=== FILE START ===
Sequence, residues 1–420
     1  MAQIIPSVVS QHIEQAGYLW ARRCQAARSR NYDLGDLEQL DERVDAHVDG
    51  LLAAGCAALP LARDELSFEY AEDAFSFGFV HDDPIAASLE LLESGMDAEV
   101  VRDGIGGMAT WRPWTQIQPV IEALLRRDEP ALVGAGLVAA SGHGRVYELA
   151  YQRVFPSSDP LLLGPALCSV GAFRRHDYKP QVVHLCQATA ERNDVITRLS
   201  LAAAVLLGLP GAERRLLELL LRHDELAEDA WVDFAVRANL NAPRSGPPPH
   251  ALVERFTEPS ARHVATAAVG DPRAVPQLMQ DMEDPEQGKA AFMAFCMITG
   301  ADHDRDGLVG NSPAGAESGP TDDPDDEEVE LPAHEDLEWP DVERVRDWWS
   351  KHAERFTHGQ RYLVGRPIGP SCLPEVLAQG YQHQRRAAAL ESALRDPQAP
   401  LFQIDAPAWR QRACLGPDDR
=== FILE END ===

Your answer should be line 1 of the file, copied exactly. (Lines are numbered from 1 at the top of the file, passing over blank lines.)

Sequence, residues 1–420